The following article was taken from "A Centennial History of Morland and Community 1881 - 1981

The Treasure Hunt

     In May and June of 1936 Morland was the center of much excitement and of nationwide interest when workman digging a well in the business area brought up bits of metal. Some of the metal taken out of hole was sent to laboratories to be analyzed. Rumors started flying about a mysterious metal box believed to be of brass, about 18 by 18 inches by three feet long. The digging was slow because of the quick sand and an underground stream of water.

Difficult Digging In Quick Sand!
     A hole about six feet square and 18 feet deep was cased up in an attempt to keep sand from filling it but the underground current of water kept the hole filled to about a foot above the metal chest. Workmen feeling the top of the lid under the water believed it had engraved or raised letters on it. A little later the workmen found rocks placed around the box, seemingly by human hands, and that the box of "King Tut #2" as it was sometimes called, was perfectly level.
Workmen discover a "Metal Box"
Workmen discover a Metal Box
     The Hill City Times posted a bulletin in the window each morning telling the progress of the digging and with all the publicity, people came for many miles, from different counties and from several states, hoping to be there when the box was finally brought to the surface. It was estimated a thousand people visited Morland on May 24 and 25, but had to be satisfied with only looking at the hole and muddy water.

     Of course with anticipated treasure, it was felt necessary to have representatives of the law there so on June 8, 1936 Dan C. Dever and Wayne Owen of Salina and Edgar W. Heye of Oakley, members of Patrol #1, Kansas Division, arrived with their Tommy Guns and other fast shooting equipment in case some unforeseen difficulty might take place. They expected to stay until the mystery box was removed from its watery grave.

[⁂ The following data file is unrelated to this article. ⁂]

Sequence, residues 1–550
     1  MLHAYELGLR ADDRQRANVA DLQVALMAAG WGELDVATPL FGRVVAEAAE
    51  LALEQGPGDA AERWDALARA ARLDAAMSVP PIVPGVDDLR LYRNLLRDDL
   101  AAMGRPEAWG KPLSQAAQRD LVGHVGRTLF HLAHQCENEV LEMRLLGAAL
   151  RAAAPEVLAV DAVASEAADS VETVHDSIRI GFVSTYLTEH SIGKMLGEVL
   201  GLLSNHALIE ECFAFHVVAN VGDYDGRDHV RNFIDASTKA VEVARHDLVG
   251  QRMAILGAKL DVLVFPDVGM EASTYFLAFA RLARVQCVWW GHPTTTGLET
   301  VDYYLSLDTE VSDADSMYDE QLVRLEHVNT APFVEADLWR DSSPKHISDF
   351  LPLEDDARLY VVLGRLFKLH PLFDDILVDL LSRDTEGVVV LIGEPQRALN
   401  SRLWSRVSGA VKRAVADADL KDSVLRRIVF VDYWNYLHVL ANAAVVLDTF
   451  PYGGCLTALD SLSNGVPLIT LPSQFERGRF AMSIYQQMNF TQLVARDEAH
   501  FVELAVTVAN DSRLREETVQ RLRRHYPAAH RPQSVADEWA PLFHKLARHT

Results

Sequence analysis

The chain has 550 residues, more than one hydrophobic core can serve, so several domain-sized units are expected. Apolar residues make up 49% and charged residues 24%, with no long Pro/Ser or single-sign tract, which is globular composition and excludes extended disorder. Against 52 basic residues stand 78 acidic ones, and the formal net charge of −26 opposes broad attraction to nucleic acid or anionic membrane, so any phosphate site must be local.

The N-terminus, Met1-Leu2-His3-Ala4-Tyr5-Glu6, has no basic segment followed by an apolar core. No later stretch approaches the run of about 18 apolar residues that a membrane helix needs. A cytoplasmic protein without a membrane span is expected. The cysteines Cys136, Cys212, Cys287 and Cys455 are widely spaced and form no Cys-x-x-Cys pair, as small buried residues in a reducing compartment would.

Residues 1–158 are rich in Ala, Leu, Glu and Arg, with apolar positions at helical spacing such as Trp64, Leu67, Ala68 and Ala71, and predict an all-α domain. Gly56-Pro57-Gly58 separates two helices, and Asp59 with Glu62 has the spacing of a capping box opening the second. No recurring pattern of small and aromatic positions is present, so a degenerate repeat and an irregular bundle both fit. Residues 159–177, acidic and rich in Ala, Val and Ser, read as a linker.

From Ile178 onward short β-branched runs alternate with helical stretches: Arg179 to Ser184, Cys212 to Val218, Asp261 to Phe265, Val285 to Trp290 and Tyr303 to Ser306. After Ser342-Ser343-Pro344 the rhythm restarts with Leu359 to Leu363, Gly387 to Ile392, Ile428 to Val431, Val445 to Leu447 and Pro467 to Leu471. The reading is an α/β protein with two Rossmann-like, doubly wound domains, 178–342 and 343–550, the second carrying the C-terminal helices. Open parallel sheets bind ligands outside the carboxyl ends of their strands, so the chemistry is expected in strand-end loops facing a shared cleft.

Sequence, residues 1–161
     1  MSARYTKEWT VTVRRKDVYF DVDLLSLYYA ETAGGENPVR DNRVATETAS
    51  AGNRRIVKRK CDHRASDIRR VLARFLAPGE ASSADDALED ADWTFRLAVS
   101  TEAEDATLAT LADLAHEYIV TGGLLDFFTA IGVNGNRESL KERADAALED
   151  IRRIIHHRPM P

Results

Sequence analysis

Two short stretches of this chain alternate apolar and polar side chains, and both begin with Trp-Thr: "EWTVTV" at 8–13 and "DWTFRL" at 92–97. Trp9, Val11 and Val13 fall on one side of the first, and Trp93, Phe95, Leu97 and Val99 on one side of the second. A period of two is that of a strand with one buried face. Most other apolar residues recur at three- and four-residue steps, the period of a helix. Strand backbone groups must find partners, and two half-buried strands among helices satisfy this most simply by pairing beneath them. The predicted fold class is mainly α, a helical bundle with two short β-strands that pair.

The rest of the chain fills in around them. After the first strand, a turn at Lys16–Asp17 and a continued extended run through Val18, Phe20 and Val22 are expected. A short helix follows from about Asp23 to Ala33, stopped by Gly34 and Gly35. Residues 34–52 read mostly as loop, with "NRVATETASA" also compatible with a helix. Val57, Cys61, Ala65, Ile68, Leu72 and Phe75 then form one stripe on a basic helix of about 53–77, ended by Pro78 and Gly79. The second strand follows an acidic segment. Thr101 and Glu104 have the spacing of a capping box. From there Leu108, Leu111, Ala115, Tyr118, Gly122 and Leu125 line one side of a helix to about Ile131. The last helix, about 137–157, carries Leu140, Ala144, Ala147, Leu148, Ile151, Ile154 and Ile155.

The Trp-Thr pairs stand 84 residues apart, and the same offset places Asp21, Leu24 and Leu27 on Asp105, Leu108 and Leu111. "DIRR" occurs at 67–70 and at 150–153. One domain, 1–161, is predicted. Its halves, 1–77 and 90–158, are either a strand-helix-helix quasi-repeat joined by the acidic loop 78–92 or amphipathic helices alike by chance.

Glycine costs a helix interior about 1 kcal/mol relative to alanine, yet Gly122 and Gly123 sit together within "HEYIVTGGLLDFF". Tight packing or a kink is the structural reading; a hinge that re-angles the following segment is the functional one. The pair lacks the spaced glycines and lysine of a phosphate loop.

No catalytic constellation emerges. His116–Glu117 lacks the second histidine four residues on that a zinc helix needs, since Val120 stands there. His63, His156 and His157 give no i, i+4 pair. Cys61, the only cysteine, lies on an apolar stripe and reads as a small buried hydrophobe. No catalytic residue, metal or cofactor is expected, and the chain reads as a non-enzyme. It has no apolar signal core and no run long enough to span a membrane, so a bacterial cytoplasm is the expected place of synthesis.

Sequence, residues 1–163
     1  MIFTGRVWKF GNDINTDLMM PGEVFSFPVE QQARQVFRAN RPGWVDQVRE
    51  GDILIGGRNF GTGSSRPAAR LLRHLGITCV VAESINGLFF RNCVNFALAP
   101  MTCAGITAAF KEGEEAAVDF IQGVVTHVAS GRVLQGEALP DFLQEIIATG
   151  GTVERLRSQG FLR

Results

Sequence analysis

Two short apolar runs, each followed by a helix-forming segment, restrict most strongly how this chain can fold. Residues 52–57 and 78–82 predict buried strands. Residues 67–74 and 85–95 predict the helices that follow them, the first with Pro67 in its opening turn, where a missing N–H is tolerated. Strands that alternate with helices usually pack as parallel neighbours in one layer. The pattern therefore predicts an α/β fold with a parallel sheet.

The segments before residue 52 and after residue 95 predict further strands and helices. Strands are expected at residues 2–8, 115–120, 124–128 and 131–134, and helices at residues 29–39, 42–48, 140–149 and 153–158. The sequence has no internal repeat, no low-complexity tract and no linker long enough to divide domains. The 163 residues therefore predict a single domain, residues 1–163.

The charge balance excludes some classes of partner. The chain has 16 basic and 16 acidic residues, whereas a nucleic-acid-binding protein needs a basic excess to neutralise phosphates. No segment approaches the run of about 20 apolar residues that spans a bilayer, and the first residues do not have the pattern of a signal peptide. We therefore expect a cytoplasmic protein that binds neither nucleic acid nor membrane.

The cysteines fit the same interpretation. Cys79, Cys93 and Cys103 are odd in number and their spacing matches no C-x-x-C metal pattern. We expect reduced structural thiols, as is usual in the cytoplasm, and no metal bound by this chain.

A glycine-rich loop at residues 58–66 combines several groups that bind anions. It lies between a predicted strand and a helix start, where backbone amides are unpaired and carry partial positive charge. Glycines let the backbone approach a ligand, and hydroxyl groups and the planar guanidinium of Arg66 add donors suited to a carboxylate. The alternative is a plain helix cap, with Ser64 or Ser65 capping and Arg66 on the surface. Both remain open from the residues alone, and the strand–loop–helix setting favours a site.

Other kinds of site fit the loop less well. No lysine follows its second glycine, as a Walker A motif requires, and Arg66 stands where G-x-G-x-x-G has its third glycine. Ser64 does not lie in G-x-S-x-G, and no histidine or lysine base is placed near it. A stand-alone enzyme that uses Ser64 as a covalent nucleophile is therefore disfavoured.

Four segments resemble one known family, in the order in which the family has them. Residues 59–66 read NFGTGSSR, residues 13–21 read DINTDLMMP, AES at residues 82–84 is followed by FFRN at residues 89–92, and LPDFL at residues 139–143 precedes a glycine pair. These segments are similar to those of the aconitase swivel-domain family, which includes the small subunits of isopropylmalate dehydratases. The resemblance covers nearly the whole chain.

Armed Guards Watch!
     Money was needed to carry on this project of getting "King Tut" out of his grave so a company was formed and shares were sold at $10 per share. Many transactions took place and business was brisk.

     Finally the day came when the mystery box was finally to be brought to the surface. The following article found in the Hill City Times of June 18, 1936 tells the story:
     "Last Thursday it was flashed to the Times Office that the box was brought out and reporters went to cover the story. It was not until about four o'clock, however, that the mystery box was brought out of its resting place, and much to the amusement of others, the valuable, much talked about "King Tut" had petrified and turned into a large blue limestone rock. There were a lot of 'I told you so's,' by the spectators and the tension was high. However things ran very smooth because the state troopers and local officials had been called to protect the valuable box.
     The startling news was flashed by the Times to the Associated Press and there by to all the newspapers of the country. People all over the world have been reading about the Morland mystery and probably were shocked to hear the tragic news of "King Tut."
     During this entire episode, the Morland Monitor had not carried many news items stating they did not want to create a sensation. Perhaps their final comment was fitting: "It was 'Old King Tut' all right but owing to the length of time it took to get him out, he had become petrified."

Click Here
© 1997 Graham County Historical Society

This page hosted by

Copyright © 1997, All Rights Reserved.
D & M Consultants
Hill City, Ks